MiRNAs in cardiac disease

The adult heart responds to injury or hemodynamic overload by activating a variety of intracellular signaling pathways and transcriptional mediators that promote myocyte hypertrophy, re-expression of an embryonic gene program, and remodeling of the extracellular matrix. These events lead to left ventricular dilation (remodeling) and progressive myocardial fibrosis that can culminate in cardiac arrhythmias and failure 17. Several recent studies performed microarray analyses to determine whether miRNAs are dysregulated in hypertrophic and failing hearts 18-23. These studies have revealed signature patterns of miRNAs that are up- and down-regulated during pathological cardiac remodeling in rodents and humans. While miR-1, miR-29, miR-30, miR-133, and miR-150 have often been found to be down-regulated, miR-21, miR-23a, miR-125, miR-195, miR-199 and miR-214 are up-regulated with hypertrophy. Gain-and-loss of function studies have implicated these miRNAs in the different aspects of the remodeling process during the progression of heart disease. The continuous discovery of new miRNAs suggests that the current collection of miRNAs implicated in cardiovascular disease is likely to be incomplete.

Cardiomyocyte hypertrophy and remodeling

Cardiomyocyte hypertrophy is the dominant cellular response to virtually all forms of hemodynamic overload, endocrine disorders, myocardial injury or inherited mutations in a variety of structural and contractile proteins. Pathological hypertrophy results in loss of cardiac function and is the major predictor of heart failure and sudden death 24. As such, there has been intense interest in deciphering the underlying molecular mechanisms and in discovering novel therapeutic targets for suppressing adverse cardiac growth. In vitro experiments using either over-expression or knockdown of miRNAs in cultured cardiomyocytes indicate that several of these miRNAs indeed actively participate in cardiomyocyte hypertrophy18, 20-23, 25.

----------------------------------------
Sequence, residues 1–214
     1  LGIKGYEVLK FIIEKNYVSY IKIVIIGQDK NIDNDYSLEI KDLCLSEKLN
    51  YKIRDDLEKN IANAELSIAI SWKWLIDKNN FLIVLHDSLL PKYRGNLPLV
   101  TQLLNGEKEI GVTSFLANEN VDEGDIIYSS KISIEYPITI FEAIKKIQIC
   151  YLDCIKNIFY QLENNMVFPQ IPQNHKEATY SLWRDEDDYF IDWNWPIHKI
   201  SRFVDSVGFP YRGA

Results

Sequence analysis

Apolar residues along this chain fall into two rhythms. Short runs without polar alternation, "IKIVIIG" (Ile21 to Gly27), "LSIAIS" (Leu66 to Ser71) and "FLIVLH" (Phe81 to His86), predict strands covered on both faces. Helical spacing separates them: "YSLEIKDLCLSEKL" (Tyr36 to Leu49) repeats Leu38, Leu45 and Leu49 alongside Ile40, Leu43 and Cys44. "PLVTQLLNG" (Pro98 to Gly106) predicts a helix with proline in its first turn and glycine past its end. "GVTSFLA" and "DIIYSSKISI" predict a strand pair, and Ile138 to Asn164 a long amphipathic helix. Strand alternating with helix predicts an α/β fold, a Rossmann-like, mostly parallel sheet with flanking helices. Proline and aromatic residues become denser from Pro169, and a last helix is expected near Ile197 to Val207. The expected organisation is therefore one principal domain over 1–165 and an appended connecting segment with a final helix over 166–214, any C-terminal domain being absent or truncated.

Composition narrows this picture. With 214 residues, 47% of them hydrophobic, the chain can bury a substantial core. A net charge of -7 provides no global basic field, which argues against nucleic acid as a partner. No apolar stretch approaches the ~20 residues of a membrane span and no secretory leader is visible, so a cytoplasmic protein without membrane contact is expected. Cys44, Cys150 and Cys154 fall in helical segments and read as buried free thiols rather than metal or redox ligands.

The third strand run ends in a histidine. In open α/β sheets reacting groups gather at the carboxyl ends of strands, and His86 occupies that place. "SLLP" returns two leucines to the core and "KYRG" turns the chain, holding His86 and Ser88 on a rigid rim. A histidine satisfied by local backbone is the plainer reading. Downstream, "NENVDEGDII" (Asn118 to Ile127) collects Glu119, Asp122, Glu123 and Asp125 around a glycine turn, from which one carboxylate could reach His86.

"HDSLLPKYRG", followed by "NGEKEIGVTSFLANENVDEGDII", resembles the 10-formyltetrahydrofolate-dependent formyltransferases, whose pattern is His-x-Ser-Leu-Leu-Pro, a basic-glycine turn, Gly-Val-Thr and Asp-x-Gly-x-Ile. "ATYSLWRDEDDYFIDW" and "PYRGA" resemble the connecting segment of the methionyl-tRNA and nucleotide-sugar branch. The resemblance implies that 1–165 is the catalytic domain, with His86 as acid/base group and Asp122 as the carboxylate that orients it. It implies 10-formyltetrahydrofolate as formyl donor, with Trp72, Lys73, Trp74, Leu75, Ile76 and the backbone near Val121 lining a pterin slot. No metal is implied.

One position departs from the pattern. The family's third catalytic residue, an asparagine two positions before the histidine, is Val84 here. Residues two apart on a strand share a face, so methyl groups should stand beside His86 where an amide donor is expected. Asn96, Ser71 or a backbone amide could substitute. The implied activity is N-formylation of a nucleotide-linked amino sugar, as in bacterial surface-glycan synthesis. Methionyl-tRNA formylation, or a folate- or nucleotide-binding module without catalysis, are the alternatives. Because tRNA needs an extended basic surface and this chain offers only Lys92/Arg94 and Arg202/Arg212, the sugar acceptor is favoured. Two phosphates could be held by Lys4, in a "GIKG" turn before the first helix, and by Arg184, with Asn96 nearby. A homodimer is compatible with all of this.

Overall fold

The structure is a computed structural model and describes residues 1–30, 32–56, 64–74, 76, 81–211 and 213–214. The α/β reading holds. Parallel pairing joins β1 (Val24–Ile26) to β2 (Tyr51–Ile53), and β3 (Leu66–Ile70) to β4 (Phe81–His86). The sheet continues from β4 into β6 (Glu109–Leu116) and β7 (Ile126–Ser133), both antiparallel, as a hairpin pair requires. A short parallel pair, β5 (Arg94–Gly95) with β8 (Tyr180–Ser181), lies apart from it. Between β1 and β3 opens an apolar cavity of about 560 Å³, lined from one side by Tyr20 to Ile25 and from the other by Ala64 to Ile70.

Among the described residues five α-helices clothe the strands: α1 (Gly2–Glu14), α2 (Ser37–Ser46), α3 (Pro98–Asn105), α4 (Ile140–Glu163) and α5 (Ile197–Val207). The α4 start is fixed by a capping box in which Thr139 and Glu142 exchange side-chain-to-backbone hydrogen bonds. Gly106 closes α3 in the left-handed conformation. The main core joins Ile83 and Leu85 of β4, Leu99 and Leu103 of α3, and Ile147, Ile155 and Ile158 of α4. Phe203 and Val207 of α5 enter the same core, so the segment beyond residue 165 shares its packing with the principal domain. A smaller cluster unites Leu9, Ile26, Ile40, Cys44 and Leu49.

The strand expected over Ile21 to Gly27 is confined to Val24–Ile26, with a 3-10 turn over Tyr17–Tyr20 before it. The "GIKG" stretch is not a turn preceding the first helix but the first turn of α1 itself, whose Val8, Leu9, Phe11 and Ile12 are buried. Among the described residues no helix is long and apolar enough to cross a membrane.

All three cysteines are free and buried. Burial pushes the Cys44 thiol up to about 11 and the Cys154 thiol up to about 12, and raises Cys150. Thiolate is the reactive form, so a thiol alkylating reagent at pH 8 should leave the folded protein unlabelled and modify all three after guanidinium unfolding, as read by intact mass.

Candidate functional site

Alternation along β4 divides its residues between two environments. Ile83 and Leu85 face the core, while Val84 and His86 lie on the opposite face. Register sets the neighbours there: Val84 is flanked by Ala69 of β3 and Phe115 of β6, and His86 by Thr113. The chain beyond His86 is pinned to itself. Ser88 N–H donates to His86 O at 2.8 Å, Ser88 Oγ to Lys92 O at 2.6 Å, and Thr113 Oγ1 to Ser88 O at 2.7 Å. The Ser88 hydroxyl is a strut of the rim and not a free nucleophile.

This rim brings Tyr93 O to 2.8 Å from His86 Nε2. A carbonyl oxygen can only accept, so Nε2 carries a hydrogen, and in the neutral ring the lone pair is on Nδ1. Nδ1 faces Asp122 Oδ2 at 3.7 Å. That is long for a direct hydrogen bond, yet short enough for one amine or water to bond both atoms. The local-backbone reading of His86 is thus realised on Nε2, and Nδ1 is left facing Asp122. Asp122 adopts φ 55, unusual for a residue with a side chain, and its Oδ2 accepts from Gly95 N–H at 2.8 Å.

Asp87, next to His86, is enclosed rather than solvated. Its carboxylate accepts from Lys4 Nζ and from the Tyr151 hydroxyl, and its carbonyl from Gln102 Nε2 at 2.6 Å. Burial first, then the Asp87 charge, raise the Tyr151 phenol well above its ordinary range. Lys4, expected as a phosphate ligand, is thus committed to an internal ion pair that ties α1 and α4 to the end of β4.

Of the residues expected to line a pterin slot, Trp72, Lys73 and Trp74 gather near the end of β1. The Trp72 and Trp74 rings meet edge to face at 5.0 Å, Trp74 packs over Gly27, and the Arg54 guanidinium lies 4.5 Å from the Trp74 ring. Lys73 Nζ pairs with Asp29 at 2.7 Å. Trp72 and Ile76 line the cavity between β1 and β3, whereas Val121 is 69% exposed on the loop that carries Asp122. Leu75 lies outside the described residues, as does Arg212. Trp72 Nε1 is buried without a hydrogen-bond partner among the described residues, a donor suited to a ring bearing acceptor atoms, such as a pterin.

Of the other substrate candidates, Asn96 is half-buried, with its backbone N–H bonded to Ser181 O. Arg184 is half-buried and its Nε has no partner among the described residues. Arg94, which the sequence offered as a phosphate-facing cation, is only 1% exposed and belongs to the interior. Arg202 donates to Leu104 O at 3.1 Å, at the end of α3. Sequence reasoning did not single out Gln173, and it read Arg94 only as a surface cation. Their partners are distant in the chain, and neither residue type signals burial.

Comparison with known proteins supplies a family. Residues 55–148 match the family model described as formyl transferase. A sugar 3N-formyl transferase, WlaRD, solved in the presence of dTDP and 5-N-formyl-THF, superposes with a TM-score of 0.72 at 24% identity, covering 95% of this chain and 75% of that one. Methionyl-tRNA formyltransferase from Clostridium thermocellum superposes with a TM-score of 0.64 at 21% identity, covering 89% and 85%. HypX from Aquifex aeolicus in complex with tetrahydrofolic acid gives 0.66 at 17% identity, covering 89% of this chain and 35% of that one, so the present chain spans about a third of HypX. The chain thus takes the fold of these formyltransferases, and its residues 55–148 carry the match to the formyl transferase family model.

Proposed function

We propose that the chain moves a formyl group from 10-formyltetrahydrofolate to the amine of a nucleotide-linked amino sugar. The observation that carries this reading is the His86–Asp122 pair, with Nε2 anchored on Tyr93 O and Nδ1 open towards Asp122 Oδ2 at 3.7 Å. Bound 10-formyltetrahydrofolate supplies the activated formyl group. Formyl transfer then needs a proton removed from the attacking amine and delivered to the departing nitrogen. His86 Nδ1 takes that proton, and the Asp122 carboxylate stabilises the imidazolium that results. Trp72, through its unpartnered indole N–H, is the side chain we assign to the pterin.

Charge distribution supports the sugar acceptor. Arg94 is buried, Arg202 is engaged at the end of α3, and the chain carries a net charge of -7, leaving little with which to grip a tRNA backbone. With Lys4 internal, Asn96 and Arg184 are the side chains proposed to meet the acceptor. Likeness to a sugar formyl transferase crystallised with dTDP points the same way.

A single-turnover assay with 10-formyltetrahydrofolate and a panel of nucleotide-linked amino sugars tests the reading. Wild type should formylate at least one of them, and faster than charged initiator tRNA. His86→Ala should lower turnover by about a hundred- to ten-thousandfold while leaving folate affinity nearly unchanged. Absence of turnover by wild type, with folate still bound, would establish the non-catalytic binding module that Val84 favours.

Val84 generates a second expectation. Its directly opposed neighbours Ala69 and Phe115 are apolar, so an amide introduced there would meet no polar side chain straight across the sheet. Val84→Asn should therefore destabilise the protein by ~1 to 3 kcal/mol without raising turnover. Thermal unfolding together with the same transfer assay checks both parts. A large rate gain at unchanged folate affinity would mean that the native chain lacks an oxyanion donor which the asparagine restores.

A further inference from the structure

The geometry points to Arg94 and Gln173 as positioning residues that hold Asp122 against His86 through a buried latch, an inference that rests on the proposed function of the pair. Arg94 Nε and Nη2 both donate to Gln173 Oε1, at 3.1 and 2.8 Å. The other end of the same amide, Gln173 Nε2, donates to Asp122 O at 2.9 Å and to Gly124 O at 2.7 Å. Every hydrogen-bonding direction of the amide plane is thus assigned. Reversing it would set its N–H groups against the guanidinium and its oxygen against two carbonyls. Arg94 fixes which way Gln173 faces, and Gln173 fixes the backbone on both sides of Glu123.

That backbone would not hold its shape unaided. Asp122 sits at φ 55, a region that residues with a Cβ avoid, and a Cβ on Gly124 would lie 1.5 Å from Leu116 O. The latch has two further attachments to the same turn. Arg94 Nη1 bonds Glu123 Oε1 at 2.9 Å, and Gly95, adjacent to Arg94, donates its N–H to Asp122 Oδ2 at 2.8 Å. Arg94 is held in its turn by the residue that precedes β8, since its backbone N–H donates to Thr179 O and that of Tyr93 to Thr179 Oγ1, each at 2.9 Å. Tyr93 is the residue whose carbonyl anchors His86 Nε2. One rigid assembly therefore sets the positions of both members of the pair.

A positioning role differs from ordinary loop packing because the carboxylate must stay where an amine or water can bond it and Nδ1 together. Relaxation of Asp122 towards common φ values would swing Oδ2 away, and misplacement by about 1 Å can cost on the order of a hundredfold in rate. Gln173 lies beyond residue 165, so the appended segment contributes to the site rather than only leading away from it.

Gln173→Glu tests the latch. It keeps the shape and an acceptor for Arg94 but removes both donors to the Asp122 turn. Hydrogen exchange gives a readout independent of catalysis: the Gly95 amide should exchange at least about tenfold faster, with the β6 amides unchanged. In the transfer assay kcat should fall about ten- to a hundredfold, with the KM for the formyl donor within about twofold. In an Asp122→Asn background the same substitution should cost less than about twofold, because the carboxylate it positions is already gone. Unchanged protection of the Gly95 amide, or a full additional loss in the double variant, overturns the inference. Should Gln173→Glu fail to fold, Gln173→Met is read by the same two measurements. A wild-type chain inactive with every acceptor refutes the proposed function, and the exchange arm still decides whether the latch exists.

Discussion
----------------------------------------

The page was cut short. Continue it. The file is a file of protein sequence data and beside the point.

One miRNA that is consistently induced by cardiac stress, miR-21, appears to function as a regulator of cardiac growth and fetal gene activation in primary cardiomyocytes in vitro, although its role during myocyte hypertrophy remains controversial18, 21. Cheng et al. reported that oligonucleotide-mediated knockdown of this miRNA can suppress cardiomyocyte growth and fetal gene expression in response to hypertrophic agonists, while Tatsuguchi et al. showed miR-21 knockdown enhances myocyte hypertrophy with over-expression resulting in a blunted hypertrophic response. It is notable in this regard that miR-21 has been reported to modulate proliferation, both positively and negatively, and to suppress apoptosis in transformed cells 26. More recently Sayed et al. reported miR-21 to modulate the formation of cellular protrusions through the regulation of sprouty2, an intracellular inhibitor of MAP kinase signaling 27. Although the significance of this function of miR-21 in cardiac pathogenesis remains uncertain, these connections might function to enhance conduction during cardiac hypertrophy.

Another miR that is consistently up-regulated in rodent and human hypertrophic hearts is miR-195. Intriguingly, forced expression of miR-195, in primary cardiomyocytes or in the hearts of transgenic mice is sufficient to drive hypertrophic growth and myocyte disarray, resulting in dilated cardiomyopathy and heart failure 23, implying that up-regulation of miR-195 during cardiac hypertrophy actively contributes to the disease process. miR-195 belongs the miR-15 family, which consists of miR-15, -16, -195 -424 and -497. Interestingly, both miR-15a and miR-16-1 are deleted or down-regulated in the majority of chronic lymphocytic leukemias and are inversely correlated to Bcl2 expression, an anti-apoptosis protein 28. Conversely, negative regulation of Bcl2 by miR-15 and -16 induces apoptosis in cancer cells 29. In the heart, Bcl2 is also involved in myocyte cell loss that contributes to a variety of cardiac pathologies, including heart failure and those related to ischemia/reperfusion injury 30. It will be interesting to determine whether repression of Bcl2 by members of the miR-15 family induces a loss of myocytes, thereby leading to the dilative phenotype seen in the miR-195 transgenic animals.